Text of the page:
Leonard Bernstein's "Kaddish," a Living Requiem
Leonard Bernstein's identity as both a composer and conductor was deeply influenced by a combination of his own Jewish heritage and the place of religion in 20th Century society and culture. The panel in the above video explores, through the "Jeremiah" and "Kaddish" Symphonies and Mass, the impact of those formative religious experiences and the wider existentialist doubt of life in the nuclear age on the man and his music.
"Kaddish," Bernstein's Symphony No. 3, has undergone several transformations over its lifetime. It features a chorus, full orchestra, soloists, and a narrator, who in its original version reads texts based on a Jewish prayer for the dead ("Kaddish" means "sanctification"). It's a prayer that never actually mentions death, however; instead, it's a celebration of life, in praise of God.
But as with all of Bernstein's music, "Kaddish" is more complicated than that. In a 2012 piece about "Kaddish" for NPR Classical's Deceptive Cadence, conductor Marin Alsop wrote,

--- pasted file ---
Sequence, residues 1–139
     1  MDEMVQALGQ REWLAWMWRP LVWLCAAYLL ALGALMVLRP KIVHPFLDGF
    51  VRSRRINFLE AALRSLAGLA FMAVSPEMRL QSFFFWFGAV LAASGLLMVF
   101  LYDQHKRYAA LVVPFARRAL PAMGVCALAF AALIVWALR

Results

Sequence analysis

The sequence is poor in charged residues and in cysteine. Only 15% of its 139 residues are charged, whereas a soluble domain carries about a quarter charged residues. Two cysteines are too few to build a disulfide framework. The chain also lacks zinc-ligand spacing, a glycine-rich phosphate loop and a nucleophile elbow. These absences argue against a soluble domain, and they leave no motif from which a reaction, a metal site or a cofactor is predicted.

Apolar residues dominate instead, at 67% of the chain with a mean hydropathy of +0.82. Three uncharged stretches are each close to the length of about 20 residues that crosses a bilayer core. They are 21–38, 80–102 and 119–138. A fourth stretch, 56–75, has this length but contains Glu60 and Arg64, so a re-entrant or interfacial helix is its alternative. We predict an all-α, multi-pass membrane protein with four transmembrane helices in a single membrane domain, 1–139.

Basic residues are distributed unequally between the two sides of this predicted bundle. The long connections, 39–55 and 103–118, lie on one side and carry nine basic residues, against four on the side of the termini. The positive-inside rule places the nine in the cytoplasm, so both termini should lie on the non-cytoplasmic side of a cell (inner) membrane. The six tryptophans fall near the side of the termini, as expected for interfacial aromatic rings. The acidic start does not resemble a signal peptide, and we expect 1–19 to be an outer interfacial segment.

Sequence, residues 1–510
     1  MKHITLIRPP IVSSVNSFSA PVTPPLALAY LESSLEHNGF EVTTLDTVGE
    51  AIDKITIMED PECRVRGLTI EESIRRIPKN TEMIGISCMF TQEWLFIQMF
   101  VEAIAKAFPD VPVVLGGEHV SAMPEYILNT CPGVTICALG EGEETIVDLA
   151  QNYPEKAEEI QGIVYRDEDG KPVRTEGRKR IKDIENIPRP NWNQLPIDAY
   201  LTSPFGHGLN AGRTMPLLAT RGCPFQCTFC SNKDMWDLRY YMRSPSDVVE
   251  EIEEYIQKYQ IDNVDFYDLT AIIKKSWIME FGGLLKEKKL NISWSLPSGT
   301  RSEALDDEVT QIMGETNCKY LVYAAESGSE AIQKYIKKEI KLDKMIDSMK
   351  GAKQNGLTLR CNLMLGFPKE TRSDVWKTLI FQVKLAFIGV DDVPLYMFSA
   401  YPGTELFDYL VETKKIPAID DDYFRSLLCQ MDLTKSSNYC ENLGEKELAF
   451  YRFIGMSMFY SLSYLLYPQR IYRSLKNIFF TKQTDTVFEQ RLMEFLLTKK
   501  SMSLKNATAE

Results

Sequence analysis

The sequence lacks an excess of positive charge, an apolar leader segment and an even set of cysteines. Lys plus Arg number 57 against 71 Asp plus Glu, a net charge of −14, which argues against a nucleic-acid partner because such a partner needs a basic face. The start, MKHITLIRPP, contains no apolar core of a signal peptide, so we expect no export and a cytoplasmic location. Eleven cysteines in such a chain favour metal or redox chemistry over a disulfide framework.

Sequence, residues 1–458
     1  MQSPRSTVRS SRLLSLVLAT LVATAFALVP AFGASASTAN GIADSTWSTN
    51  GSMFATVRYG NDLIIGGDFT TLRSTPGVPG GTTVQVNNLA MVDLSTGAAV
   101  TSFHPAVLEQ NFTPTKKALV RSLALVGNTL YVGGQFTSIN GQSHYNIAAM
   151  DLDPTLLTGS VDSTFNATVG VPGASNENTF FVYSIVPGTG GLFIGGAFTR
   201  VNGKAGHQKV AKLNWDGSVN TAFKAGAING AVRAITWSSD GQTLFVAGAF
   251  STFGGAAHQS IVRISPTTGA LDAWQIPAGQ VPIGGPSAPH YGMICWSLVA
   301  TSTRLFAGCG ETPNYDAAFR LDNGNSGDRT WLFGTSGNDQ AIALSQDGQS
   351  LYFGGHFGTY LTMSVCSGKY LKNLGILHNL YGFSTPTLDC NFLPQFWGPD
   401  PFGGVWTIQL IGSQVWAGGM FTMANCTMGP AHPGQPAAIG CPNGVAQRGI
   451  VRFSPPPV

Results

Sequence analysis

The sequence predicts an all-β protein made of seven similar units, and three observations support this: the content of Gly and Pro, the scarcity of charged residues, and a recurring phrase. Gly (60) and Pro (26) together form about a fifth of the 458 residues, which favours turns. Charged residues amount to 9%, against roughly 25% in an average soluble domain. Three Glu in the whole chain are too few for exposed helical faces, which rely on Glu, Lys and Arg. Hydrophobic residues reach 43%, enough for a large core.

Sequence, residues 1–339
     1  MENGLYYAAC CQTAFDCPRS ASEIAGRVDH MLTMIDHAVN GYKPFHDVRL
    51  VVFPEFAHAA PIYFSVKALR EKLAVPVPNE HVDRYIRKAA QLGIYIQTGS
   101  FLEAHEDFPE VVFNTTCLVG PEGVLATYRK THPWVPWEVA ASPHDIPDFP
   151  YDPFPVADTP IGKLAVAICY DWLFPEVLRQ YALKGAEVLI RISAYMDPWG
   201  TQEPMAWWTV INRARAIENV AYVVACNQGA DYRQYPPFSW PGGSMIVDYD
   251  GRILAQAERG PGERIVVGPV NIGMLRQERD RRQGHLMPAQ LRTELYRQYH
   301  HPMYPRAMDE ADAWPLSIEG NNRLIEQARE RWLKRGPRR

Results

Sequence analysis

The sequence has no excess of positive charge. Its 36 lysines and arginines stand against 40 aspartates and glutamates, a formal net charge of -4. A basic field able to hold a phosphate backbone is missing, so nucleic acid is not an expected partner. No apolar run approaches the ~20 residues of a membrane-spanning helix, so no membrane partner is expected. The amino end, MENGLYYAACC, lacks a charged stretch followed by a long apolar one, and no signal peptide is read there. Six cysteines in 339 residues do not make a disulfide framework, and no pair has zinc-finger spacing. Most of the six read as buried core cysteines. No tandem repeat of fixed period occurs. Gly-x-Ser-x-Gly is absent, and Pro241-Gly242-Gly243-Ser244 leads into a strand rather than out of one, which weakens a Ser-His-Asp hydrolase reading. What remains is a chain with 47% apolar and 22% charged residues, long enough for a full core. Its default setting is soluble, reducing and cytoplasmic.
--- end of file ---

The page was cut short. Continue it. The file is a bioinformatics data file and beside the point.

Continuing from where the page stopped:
"This symphony is a vehicle — the Kaddish prayer a vehicle — for Bernstein to explore his lifelong issues of personal faith, the elusive concept of peace and the conflict arising from our great human potential for, and attraction to, destruction."
The text was revised by Bernstein himself in 1977, and later, by his longtime friend Samuel Pisar, a Polish lawyer, author, and Holocaust survivor. Pisar often narrated performances of Bernstein's "Kaddish," and they had frequently discussed revising the text together before Bernstein's death in 1990. Pisar's text, which he calls "A Dialogue with God," reflects his personal experiences in Nazi death camps, and wrestles with questions of faith, doubt, anger, and reconciliation.
This new version premiered in 2003, with the Chicago Symphony Orchestra, and remains as relevant today as it ever was — Pisar's stepson, US Secretary of State Antony Blinken, even quoted from Pisar's "Kaddish" text in a recent speech.
In a piece called "Kaddish: A Dialogue with God — The Genesis of the Work," Pisar writes,
"For me, the performance reaches its climax when I recount a heart-wrenching lullaby about how loving, caring and merciful is our God, that my beloved grandmother used to sing to me before her voice was silenced in the ovens of Treblinka. At that moment I feel as if I am saying Kaddish for her, for my family, for my people, for all peoples decimated by genocide . . . It goes without saying that my contribution to this magnificent opus is dedicated to the beloved memory of Lenny."
Here is Leonard Bernstein's "Kaddish," conducted by the composer in 1983:
And here is "Kaddish," with text by Samuel Pisar: